In one of his current projects, Franz is examining the early life history of Arctic cod, a key fish species in the Arctic that provides important food for other fishes, seabirds and mammals. “We observed very large numbers of small Arctic cod, spawned during the previous winter, on several of our surveys in the northeast Chukchi Sea and we are now using computer models to simulate the transport of the eggs and larvae of Arctic cod in the region,” he says. “This is an effort to find out where the eggs may be spawned (where did they come from?) and where the juvenile nursery areas are (where are they going?). Understanding the early life history of this species will help us better understand and prepare for the consequences of climate change on Alaska’s Arctic marine ecosystems.”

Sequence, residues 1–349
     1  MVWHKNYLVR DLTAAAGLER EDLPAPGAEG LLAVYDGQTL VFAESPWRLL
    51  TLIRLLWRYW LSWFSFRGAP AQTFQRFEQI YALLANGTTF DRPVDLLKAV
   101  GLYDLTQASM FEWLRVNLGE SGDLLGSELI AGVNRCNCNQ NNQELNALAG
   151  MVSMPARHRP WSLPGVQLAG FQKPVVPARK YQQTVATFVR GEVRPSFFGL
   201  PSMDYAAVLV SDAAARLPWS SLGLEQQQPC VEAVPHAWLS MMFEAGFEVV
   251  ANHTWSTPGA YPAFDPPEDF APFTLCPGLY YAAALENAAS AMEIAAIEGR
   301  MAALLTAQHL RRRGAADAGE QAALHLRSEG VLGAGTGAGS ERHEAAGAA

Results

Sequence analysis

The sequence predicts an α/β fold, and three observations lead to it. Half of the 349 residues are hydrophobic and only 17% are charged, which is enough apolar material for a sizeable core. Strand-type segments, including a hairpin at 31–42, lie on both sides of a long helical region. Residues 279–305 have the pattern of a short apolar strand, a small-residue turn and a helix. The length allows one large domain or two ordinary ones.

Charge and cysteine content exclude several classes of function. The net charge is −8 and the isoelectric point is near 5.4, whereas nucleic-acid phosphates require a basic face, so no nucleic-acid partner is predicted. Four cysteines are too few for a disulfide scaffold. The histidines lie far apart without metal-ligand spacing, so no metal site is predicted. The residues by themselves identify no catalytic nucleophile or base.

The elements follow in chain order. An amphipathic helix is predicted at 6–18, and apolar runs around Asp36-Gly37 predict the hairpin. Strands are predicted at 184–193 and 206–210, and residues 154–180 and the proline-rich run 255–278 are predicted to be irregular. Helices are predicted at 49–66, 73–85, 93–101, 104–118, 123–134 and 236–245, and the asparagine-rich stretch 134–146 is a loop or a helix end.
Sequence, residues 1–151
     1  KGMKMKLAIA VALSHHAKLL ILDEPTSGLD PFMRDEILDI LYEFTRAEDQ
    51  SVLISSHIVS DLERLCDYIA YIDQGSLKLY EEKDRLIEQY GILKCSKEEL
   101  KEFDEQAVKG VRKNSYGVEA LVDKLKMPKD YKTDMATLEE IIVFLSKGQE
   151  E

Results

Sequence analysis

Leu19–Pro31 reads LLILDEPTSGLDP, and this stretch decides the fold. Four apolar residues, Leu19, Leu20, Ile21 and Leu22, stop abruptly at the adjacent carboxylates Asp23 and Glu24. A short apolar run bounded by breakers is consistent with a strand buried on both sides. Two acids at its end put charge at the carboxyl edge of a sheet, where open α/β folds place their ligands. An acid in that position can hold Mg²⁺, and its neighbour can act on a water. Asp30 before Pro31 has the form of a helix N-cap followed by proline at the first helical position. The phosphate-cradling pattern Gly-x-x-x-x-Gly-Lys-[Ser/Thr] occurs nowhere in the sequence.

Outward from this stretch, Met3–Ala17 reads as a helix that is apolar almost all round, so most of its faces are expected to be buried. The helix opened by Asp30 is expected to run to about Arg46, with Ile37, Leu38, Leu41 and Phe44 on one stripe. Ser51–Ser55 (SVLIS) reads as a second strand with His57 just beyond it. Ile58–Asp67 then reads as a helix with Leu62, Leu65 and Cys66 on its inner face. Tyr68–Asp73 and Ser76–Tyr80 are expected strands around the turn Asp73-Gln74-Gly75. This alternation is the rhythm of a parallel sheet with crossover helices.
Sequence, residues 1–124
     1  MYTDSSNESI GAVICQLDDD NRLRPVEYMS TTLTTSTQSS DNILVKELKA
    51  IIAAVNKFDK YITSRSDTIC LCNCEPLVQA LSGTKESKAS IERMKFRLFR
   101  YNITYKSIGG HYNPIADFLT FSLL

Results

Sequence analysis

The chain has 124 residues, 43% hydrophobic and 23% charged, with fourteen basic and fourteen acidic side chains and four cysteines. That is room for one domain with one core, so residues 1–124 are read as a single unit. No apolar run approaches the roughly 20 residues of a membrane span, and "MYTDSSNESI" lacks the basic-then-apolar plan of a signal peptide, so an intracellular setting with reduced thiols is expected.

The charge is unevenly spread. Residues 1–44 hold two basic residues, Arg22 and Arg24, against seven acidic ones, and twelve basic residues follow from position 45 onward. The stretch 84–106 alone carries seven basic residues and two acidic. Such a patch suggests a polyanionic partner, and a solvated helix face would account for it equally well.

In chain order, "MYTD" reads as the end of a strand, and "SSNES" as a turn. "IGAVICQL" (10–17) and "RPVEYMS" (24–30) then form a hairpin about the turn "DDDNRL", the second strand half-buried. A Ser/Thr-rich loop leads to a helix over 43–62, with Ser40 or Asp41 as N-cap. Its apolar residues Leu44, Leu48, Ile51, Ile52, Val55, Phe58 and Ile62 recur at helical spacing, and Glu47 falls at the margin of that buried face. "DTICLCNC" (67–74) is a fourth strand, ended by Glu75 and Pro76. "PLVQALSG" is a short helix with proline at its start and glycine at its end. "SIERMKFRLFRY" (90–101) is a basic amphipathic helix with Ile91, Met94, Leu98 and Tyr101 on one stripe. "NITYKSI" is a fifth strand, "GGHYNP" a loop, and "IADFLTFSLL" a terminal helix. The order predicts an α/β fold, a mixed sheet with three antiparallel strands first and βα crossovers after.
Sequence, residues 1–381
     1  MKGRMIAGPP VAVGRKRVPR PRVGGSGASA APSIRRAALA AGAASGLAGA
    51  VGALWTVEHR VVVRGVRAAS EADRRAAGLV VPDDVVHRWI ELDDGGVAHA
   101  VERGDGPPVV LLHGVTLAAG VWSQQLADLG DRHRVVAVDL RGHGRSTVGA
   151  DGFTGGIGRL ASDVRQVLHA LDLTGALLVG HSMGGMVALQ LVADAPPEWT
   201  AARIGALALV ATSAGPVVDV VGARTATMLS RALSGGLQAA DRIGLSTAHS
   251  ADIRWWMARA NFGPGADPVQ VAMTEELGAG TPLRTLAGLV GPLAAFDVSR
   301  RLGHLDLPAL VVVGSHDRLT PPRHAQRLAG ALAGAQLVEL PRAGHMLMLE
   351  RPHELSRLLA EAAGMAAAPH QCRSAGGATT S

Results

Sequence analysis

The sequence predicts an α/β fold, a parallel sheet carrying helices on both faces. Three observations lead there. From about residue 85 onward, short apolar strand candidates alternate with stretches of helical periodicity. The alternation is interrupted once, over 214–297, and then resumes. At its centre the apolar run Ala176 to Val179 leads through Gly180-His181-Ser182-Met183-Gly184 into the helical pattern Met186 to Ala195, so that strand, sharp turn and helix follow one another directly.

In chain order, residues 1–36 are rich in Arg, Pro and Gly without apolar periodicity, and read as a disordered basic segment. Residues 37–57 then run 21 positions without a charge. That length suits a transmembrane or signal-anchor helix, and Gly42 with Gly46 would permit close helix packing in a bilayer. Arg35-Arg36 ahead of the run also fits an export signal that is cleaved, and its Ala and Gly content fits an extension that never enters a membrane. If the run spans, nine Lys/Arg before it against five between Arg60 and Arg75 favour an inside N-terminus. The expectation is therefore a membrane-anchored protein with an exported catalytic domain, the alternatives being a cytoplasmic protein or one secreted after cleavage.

Another project he is leading is a collaborative effort with Japanese and Norwegian researchers to review and synthesize the impacts of climate change on the Pacific and Atlantic Arctic and on its fisheries resources. The project involves scientists as well as stakeholders from the fishing industry, fisheries management agencies and coastal communities. “We are working collaboratively to better understand the consequences of climate change for Arctic living resources and the opportunities and challenges this brings for people and agencies living and working in the Arctic,” Franz says. “The outcomes from the workshop will help managers and communities adapt to changing conditions.” [See news story on this project at web.sfos.uaf.edu/wordpress/news/?p=2012.]